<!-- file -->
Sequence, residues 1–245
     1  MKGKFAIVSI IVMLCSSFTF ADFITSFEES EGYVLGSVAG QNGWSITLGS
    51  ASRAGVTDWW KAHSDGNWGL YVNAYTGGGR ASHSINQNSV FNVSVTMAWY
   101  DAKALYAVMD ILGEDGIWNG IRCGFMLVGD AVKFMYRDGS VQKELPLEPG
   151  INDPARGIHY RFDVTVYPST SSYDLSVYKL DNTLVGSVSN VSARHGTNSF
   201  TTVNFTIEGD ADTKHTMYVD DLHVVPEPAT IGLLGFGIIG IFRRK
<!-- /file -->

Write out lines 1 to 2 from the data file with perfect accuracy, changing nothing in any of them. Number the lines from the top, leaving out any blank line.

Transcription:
Sequence, residues 1–245
     1  MKGKFAIVSI IVMLCSSFTF ADFITSFEES EGYVLGSVAG QNGWSITLGS